The local town Zoning Ordinance Says that to have a Satellite Dish installed on ones [sic] own property You Must Have a lot size of at least ½ acre. Our lot is a little smaller and we might have to take our Satellite Dish out. The town has been giving us a hard time. I've been to court once already and have to go again in the near future. PLEASE HELP. ANY INFORMATION YOU CAN GIVE ME WILL BE GREATLY APPRECIATED. Thank you for any help you can give me.

(Letter dated February 28, 1987, from Joseph A. Carino to FCC Chief of Satellite Radio Branch.) In response, Carino received a letter setting forth the text of § 25.104 along with the following explanation:

Individuals who are dissatisfied with the actions taken by local zoning authorities can use the Commission's rule to pursue legal remedies on a local level. Unfortunately, we do not have sufficient resources to offer legal opinions with respect to individual problems or to intervene in local disputes. We therefore suggest that you consult with a private attorney in your area if you wish to assert any rights based on the Commission's rule. Further Commission consideration of local zoning disputes is not contemplated at this time. Individual petitions may be considered at a later date. It appears that communities are generally failing to abide by our standards. Requests for relief under the Commission's rule must demonstrate that all other remedies including legal action with the assistance of private counsel have been pursued and exhausted. In addressing a petition for reconsideration, the Commission emphasized that communities must comply with the regulation or face preemption of their ordinance if legal action is taken by antenna users.

(Letter dated March 20, 1987, from FCC Chief of Satellite Radio Branch to Joseph A. Carino (emphasis added).)

Thereafter, Carino retained counsel and sought relief in the courts.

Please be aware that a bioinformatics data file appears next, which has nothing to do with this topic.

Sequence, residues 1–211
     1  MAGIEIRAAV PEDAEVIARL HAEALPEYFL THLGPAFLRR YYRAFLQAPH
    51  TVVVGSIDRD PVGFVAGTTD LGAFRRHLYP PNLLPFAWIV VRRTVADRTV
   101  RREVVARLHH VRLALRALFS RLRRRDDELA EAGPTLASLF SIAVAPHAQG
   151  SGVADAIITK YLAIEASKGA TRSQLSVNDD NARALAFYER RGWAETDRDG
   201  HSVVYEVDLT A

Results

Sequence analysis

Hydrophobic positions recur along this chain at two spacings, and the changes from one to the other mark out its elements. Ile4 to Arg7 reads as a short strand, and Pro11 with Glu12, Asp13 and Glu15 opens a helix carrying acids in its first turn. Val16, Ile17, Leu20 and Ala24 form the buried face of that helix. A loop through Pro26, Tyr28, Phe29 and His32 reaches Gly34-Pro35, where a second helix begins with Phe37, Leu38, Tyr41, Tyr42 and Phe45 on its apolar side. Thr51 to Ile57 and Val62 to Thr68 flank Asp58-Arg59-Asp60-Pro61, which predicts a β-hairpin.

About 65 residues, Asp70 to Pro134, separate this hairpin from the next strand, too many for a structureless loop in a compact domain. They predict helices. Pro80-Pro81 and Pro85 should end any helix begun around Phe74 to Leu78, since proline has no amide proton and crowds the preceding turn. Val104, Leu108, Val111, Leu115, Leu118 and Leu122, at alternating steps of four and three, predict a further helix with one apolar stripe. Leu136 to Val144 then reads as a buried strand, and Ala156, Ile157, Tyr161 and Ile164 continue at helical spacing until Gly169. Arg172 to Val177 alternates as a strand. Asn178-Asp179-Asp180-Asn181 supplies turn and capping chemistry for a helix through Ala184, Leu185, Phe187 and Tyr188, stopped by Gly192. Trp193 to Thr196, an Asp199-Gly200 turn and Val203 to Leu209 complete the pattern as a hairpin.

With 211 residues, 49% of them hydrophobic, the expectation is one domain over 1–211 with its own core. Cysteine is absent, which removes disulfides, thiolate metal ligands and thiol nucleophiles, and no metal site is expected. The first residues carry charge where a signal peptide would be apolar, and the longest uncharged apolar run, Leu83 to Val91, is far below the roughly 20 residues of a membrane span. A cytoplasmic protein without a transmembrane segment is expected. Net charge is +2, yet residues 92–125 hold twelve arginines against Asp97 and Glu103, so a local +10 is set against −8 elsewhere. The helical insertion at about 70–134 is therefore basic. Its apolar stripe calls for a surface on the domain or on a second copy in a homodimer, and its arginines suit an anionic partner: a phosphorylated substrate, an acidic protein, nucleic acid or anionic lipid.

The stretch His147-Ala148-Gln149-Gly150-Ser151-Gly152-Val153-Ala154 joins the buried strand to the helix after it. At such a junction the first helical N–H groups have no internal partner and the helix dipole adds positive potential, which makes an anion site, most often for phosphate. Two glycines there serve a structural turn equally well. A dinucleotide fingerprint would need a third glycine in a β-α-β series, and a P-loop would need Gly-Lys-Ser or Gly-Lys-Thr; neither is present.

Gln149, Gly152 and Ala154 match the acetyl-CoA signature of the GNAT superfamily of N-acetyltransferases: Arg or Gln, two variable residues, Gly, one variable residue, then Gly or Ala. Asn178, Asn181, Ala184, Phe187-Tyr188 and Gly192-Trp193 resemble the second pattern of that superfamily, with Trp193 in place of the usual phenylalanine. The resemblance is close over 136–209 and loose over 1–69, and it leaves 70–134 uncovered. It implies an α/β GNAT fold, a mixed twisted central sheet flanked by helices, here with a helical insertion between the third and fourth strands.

C. Carino's State-Court Lawsuit

In May 1987, Carino commenced an Article 78 proceeding, see N.Y.Civ.Prac.L. & R. 7801, et seq. (McKinney 1981 & Supp.1993), in New York State Supreme Court against the Zoning Board and its members, challenging the Board's rulings. He contended principally (1) that the Board's decision was arbitrary and not based on substantial evidence, (2) that the Zoning Ordinance violated the Fourteenth Amendment to the United States Constitution by discriminating against certain classes of property owners, and (3) that the Ordinance was preempted by § 25.104.

In a Memorandum dated July 27, 1987 ("Carino I"), the state supreme court denied Carino's petition in its entirety. With respect to his first two contentions, the court found that Carino had failed to meet the requirements necessary to obtain a variance and had failed to establish that the Zoning Ordinance was unconstitutional. With respect to the preemption claim, the court found that the Ordinance "does not differentiate between satellite receive-only facilities and other antennas, it applies to both dish and tower type antennas." July 1987 Memorandum at 3. It thus held that the Zoning Ordinance did not discriminate against satellite-dish antennas and therefore was not preempted by § 25.104. Id.

Carino appealed unsuccessfully. The Appellate Division affirmed the denial of Carino's petition substantially for the reasons stated in Carino I. See Carino v. Pilon, 142 A.D.2d 996, 530 N.Y.S.2d 1022 (4th Dep't 1988) (mem.) ("Carino II"). Carino sought review of that decision by the New York Court of Appeals, attempting to appeal as of right and, alternatively, requesting leave to appeal. The Court of Appeals sua sponte dismissed the attempted appeal as of right for lack of a substantial constitutional question, and it denied the motion for leave to appeal. See Carino v. Pilon, 72 N.Y.2d 1038, 534 N.Y.S.2d 935, 531 N.E.2d 655 (1988) (mem.). Carino did not petition for review in the United States Supreme Court.

Following the Court of Appeals' rulings, the criminal court reactivated the proceedings against Carino, found him guilty, and fined him $100. That court also advised Carino that it would order that the antenna be removed on or before March 15, 1989. Carino has appealed from the conviction, and that appeal apparently remains pending.